Nine artists with no profile whatsoever outside the confines of Spotify's green-and-black garden — Gabriel Parker, Charlie Key, Anna Olgica, Lo Mimieux, Greg Barley, Otto Wahl, Piotr Miteska, Karin Borg and Charles Bolt — did, as was reported, secure placement on some of Spotify's very popular playlists, like the aforementioned "Piano & Chill." These works, essentially credited to phantoms, are even inspiring real people to respond organically to some of this music; a person named Elysia Way, who found a song by Charlie Key "through Spotify on a playlist," as she wrote, uploaded a video of her covering that artist's "Song For A" (which she renamed, for "personal reasons"). Not for nothing, the supposedly fake Charles Bolt appears in a playlist embedded in Neil Cowley's article for The Guardian.
(It's also not unprecedented for artists to eschew the spotlight — like Daft Punk.)
"The big question mark is: What is Spotify's motivation?" Tim Ingham, editor of Music Business Worldwide, wondered in a phone call to NPR from his home in the U.K. "I do think, from the people who I've spoken to, that there's a motivation there to save some money, and to increasingly save money as the scale of streaming grows over time.
"I also find this question of artistic quality interesting. If Spotify truly believed in the science of a 'sleep' playlist, it kind of does make sense that you would ask someone to create something bespoke, based on data you've seen."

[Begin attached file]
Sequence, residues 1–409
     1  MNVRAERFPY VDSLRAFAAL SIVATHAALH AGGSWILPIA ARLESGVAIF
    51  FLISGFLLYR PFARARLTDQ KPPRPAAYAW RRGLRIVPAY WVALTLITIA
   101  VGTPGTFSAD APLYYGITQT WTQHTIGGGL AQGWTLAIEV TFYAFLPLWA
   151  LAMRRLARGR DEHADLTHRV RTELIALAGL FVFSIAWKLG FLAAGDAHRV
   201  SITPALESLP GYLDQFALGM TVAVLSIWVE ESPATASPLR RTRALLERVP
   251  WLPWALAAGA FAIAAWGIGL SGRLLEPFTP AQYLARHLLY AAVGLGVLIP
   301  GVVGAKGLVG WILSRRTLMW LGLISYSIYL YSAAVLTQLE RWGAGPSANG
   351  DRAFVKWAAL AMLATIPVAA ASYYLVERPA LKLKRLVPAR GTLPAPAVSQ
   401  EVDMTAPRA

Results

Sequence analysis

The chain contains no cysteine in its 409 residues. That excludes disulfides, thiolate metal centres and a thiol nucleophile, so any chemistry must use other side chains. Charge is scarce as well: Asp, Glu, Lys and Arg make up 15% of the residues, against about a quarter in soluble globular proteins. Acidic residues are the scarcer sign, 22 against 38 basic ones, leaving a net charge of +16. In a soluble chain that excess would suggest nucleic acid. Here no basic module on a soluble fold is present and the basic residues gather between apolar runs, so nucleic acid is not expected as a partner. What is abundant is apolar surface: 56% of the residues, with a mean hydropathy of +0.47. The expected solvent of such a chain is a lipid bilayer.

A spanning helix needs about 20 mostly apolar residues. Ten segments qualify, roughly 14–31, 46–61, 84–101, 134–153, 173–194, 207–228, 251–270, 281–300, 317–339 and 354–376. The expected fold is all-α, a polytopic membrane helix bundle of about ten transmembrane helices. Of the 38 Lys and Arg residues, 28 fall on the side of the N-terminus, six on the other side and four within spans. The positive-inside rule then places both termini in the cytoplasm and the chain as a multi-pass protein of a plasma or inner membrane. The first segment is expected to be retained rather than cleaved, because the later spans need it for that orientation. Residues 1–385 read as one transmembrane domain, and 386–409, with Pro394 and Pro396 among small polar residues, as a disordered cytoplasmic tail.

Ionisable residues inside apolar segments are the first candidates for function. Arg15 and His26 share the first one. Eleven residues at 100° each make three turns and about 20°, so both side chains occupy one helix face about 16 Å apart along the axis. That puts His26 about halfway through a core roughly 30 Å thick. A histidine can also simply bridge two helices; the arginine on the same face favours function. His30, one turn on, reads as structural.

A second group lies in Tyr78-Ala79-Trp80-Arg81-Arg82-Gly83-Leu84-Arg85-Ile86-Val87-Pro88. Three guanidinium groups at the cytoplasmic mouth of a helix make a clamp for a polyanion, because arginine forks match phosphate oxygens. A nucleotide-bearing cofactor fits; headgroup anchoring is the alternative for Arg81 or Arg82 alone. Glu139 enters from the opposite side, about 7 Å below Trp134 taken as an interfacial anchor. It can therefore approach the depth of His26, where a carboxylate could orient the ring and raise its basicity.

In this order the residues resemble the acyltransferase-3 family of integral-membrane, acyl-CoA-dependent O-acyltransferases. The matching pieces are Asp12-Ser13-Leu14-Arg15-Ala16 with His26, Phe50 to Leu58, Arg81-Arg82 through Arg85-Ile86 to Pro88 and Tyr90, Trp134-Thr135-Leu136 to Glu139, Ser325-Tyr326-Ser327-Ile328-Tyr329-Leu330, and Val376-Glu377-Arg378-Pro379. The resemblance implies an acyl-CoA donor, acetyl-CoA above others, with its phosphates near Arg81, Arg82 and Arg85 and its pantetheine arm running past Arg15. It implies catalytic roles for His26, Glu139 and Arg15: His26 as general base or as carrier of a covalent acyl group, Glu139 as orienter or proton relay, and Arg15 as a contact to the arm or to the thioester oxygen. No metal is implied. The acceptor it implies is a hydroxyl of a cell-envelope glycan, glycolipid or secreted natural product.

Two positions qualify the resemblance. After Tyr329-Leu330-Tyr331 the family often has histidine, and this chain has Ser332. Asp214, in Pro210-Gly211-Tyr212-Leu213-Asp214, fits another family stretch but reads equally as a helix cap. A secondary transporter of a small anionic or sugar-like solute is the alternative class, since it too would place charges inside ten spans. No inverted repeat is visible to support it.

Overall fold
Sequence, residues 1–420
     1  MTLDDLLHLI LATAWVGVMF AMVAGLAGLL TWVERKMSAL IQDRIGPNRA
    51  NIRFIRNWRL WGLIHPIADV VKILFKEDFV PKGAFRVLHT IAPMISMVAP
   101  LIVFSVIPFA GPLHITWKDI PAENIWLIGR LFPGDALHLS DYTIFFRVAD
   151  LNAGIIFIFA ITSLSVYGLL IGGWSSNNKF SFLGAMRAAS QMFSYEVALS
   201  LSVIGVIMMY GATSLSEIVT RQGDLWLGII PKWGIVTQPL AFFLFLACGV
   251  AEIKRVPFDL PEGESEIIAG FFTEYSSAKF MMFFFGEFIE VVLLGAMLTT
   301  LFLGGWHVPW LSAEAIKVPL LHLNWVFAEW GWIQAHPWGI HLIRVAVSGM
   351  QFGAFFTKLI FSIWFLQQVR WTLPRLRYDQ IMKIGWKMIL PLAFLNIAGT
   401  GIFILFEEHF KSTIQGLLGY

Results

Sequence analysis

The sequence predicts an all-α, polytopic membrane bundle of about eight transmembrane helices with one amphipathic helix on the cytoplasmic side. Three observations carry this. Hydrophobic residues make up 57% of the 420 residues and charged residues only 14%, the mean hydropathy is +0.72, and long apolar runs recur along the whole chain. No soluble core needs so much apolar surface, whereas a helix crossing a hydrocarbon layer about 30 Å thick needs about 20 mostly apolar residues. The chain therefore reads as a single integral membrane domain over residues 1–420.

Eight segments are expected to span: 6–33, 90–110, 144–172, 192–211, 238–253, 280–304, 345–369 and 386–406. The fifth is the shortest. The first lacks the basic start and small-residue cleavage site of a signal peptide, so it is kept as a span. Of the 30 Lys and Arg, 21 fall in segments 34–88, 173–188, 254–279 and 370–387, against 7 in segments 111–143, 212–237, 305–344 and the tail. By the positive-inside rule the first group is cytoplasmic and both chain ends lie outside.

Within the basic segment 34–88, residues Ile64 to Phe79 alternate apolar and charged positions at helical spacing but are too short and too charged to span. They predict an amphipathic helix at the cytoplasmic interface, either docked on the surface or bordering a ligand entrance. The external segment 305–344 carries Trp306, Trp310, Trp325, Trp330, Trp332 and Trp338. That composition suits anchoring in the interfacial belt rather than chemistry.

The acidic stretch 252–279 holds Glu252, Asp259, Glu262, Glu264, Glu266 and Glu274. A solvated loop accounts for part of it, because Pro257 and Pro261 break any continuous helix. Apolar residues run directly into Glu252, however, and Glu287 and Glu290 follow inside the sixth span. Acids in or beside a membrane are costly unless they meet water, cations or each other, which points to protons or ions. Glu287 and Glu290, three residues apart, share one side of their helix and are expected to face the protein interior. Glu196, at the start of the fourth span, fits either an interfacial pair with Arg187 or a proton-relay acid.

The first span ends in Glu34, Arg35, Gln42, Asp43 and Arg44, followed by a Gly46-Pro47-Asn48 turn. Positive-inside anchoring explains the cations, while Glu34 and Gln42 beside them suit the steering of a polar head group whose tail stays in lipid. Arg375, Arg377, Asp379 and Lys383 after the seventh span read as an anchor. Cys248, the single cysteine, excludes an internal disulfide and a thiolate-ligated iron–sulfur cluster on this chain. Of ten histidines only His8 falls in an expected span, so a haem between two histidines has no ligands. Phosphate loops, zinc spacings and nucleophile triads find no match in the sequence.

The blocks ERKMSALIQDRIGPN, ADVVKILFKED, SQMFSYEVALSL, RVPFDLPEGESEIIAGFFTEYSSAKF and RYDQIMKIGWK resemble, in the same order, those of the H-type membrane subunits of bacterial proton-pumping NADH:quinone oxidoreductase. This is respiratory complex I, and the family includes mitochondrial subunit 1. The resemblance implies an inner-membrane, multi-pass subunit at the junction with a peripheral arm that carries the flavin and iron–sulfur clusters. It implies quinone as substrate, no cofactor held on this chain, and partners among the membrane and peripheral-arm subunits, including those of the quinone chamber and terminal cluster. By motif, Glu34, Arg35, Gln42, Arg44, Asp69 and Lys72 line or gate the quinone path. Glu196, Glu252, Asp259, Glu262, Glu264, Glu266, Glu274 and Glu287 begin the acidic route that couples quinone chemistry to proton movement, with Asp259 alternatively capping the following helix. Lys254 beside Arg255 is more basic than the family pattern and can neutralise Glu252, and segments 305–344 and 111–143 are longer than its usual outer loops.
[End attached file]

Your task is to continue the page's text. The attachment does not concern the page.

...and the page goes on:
Through The Echo Nest, Spotify has exactly that kind of data and, if true, isn't waiting around for "legitimate" artists to write the music they need.
Spotify's denial, stating that it never created "fake" artists, leaves open a neat, semantic loophole — what is the definition of a "fake artist"? If there is a name and a song a person can play, is it fake? If that song is wholly generated by artificial intelligence, is it real? Several of these supposedly fake artists have been traced back to two very real Swedish producers — Andreas Romdhane and Josef Svedlund, as Music Business Worldwide found yesterday. There is a clear difference between this and myriad pop stars enlisting Swedish super-producer Max Martin to craft their art — his name is included in the liner notes (even if most listeners only pay attention to the name on the cover). But Svedlund and Romdhane have also assisted Kelly Clarkson with her work, too.
Spotify has in the past made a very big deal out of hiring at least one artist to create a customized piece of music for an extremely specific purpose. Two years ago, the electronic dance artist Tiesto created a song that would adapt its tempo to the running pace of the listener. "This is where music is heading," Tiesto told Billboard at the time. "Now the customer creates the mood, rather than the artist."